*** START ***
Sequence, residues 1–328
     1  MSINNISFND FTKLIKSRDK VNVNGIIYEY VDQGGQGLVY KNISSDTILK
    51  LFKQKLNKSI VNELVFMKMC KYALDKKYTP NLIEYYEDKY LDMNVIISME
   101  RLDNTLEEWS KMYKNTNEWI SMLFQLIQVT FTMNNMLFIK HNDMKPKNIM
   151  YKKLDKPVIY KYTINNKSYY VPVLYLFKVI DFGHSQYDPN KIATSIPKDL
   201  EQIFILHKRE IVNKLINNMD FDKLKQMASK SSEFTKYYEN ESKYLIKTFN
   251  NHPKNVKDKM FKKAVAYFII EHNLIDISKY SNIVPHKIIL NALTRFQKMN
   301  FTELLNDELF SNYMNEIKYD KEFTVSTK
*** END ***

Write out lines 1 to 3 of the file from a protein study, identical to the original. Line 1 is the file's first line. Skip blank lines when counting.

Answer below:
Sequence, residues 1–328
     1  MSINNISFND FTKLIKSRDK VNVNGIIYEY VDQGGQGLVY KNISSDTILK
    51  LFKQKLNKSI VNELVFMKMC KYALDKKYTP NLIEYYEDKY LDMNVIISME